Seeing that the first two companies were checked Colonel Carter gave Captain Frizzell the order to charge with the remaining men available, this order was carried out - the leading men with Capt Frizzell in front got half way up the slag heap when the Germans from the top threw bombs on our heads. This checked our further advance and the men retired to the front British trench a distance of 150 yards.
As it was now getting daylight and the men were all rather exhausted Colonel Carter decided not to attack again. He ordered Capt Frizzell to re-organise in our old trenches.
Casualties. Killed. Capt M C Radford DSO. Died of wounds 2Lt A B Turner.
Missing. Capt E N Getting, 2Lt P C Rawson 2Lt R A Summers, 2Lt J W B Blazey. Wounded and missing. Lieut G F M Hall.
Wounded. Major L W Bird, Lt E F Eager, Lt D E Ward, 2Lt Haigh, 2Lt W S Mackey and Capt Adj C St Q Fullbrook Leggatt DSO.
Other ranks. Killed 17 missing 143 wounded 115. Total 288
The death of Captain Radford cannot be too much deplored. He was a very gallant officer and his loss is very keenly felt by everyone in the regiment and brigade. He was buried at Vermelles.
Search parties under Captain Large were untiring in the devoted manner they searched for the wounded.
The 1/2 Battn 1st KRR were not able to reach the rendezvous and attack with us. Also the bombing parties from the regiments on our flanks were not there.


2nd Lieut A B (Alexander Buller) Turner was from Thatcham, his actions that night won the regiment's first VC of the war.


Bert’s name was among the 148 men reported as ‘missing’ that day, along with 19 killed and 121 wounded: 


Newbury Weekly News, 11 November 1915 – Missing
MASON – Private R Mason, 5734. 1st Royal Berks, attached 170th Co, RE, third son of Mrs Mason, South View-cottages, Northcroft-lane. Missing since Sept 28th.
Also Private W G Mason, 7286 Oxford and Bucks LI, fourth son of above. Missing since May 16th – Any information would be thankfully received by their mother.

 

A report of ‘missing’ always left some hope that the soldier was out in no-man’s land keeping his head down until he got the chance to crawl back to the British lines, or he had been captured and would resurface in a POW list a few weeks later.  Sadly this was not the case for Bert (or for his brother William), but it was a year before he would be presumed dead by the War Office.


Newbury Weekly News, 28 September 1916 – Killed in Action
MASON – Reported missing on September 25th [sic] 1915, now officially presumed dead, Charles Rupert (Bert) Mason, Pte, Royal Berks Regt, late of Upminster, Essex, third son of Rhoda and the late Henry Mason, Northcroft, Newbury aged 33 years.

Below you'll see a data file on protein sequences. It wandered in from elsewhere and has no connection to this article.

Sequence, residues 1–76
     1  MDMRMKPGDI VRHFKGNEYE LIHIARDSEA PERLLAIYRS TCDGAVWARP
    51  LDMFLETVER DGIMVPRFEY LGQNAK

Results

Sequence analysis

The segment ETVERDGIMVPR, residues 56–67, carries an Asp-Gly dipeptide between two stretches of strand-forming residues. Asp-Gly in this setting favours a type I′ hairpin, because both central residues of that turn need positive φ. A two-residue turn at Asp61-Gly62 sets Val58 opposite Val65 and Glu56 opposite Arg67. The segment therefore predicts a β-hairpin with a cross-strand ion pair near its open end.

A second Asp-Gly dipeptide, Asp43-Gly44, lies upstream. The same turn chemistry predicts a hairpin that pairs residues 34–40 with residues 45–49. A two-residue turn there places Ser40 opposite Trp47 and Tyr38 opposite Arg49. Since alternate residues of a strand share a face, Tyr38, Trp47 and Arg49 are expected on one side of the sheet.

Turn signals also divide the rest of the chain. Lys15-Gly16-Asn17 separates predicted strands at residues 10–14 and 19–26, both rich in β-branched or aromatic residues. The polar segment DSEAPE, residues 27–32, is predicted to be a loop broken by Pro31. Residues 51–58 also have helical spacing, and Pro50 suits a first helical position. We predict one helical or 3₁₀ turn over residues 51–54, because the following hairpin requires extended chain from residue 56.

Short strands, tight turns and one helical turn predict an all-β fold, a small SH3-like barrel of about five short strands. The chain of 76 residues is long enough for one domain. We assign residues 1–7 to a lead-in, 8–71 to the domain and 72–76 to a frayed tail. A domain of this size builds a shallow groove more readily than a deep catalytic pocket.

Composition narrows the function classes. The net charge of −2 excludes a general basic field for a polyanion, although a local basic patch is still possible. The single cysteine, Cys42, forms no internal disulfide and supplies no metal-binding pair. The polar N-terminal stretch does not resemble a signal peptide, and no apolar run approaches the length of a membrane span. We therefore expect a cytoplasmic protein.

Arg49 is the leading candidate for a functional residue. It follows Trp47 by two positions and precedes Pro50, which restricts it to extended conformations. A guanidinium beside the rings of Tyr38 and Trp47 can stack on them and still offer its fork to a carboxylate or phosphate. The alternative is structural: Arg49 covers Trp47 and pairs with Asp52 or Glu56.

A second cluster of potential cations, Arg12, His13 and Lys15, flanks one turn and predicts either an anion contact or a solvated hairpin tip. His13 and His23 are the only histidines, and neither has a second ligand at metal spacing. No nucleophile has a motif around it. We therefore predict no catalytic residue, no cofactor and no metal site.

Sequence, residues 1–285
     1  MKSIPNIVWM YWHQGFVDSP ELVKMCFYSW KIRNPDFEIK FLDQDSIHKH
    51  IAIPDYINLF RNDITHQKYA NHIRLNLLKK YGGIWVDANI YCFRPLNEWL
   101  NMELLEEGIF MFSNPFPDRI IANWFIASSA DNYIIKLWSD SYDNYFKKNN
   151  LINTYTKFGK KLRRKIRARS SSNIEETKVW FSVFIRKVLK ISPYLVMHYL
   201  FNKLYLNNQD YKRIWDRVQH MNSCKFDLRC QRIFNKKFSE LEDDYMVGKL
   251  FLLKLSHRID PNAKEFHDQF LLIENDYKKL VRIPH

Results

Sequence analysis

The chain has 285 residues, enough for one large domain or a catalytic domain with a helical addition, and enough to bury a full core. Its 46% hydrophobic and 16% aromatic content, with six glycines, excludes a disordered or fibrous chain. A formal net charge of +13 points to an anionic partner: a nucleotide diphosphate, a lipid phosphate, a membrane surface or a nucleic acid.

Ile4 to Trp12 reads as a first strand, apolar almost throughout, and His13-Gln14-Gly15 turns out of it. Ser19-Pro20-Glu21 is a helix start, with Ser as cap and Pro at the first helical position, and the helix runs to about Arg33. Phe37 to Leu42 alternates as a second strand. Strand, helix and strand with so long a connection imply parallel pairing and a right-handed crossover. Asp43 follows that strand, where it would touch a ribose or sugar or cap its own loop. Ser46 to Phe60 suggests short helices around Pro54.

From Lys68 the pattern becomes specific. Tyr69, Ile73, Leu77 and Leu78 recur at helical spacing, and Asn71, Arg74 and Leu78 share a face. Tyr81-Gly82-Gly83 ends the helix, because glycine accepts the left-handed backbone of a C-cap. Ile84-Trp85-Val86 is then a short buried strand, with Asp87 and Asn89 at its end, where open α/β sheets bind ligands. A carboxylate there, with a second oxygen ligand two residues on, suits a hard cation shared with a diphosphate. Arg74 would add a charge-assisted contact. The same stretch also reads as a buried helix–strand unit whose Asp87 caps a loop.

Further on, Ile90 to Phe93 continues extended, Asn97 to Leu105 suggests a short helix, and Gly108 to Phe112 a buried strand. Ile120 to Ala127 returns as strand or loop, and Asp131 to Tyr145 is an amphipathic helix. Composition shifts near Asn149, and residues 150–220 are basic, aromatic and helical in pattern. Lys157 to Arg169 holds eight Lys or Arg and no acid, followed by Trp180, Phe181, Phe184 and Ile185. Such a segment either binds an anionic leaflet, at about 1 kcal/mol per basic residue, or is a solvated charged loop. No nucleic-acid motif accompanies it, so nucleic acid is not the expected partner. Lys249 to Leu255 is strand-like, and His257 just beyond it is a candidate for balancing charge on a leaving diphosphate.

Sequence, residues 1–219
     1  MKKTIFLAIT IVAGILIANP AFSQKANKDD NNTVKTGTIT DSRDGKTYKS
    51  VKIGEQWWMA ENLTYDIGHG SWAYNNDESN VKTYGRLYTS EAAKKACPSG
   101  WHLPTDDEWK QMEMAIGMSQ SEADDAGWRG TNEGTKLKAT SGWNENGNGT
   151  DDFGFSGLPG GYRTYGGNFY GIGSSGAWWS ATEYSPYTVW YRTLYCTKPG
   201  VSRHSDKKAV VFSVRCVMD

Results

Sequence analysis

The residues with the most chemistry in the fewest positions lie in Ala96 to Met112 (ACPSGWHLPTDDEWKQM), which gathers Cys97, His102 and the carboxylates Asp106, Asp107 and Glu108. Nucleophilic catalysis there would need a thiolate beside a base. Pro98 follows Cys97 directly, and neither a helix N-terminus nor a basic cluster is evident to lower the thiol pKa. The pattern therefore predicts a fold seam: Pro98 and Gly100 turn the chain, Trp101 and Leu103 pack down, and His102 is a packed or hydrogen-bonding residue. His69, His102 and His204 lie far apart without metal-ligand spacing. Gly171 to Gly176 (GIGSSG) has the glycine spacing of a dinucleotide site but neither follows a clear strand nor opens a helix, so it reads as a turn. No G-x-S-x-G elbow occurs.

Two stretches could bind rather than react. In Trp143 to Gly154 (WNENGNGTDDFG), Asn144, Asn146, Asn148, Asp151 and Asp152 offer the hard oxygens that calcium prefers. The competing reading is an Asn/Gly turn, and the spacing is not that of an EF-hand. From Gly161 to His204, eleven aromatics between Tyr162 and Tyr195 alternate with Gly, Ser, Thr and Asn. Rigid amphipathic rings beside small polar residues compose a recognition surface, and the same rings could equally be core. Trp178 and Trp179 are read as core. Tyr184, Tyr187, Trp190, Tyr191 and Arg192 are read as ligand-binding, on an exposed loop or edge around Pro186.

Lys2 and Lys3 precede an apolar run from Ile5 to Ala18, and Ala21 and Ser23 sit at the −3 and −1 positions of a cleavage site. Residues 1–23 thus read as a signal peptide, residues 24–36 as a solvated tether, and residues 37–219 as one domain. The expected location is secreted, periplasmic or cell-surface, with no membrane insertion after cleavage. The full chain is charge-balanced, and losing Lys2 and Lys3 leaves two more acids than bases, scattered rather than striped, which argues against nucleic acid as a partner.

“Short days ago
He loved, felt dawn, saw sunsets glow,
Loved and was loved.
And now he lies in Flanders fields.”


Bert’s body now lies in grave II.D.13 at the Arras Road Cemetery, Roclincourt  but it was not buried there until September 1927. His body had been recovered from the battlefield at map reference ‘44a.G.4.d.central’ – this refers to a small area within the German lines of that date.  This helps to clarify one issue arising from the newspaper notice reporting him as ‘missing’.  This stated that he was ‘attached 170th Co, RE’, in full the 170th Tunnelling Company, Royal Engineers. It seems unlikely that he would meet his end in the German lines if he were working with a tunnelling company.  However, prior to the launch of the Loos offensive on 25 September tunnels were driven under the German positions known as the Hohenzollern Redoubt and filled with explosives which were detonated as the attack was launched. During the ensuing infantry actions tunnellers would go forward to investigate enemy tunnelling activity and could well be killed.

 

Name on Newbury War Memorial

Bert's name on Newbury War Memorial

(centre)

However, the location of Bert’s body was within the area that his battalion attacked across that day, suggesting that he was with them.  As stated in the war diary the battalion’s attack was a last minute affair and men had to be collected from fatigues and working parties in order to attack FOSSE No 8 at 2.30am. Bert’s activities with the tunnellers may well have been considered a part of a working party.


For a detailed account of the 1st Battalion's part in the Battle of Loos - click

 

Locally Bert is remembered on tablet 1 of the Newbury Town War Memorial; unusually he is not on the same tablet as his brother Bert.  The names on the memorial were placed by lot, meaning that they are randomly distributed, but exceptions to this were made in the case of brothers, who are usually listed together.  George and Bert are an instance where this did not happen; presumably those determining the distribution were unaware that they were related.

 

George (W G) Mason died serving with the Oxfordshire and Buckinghamshire Light Infantry, his story is told here.

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23 July 1916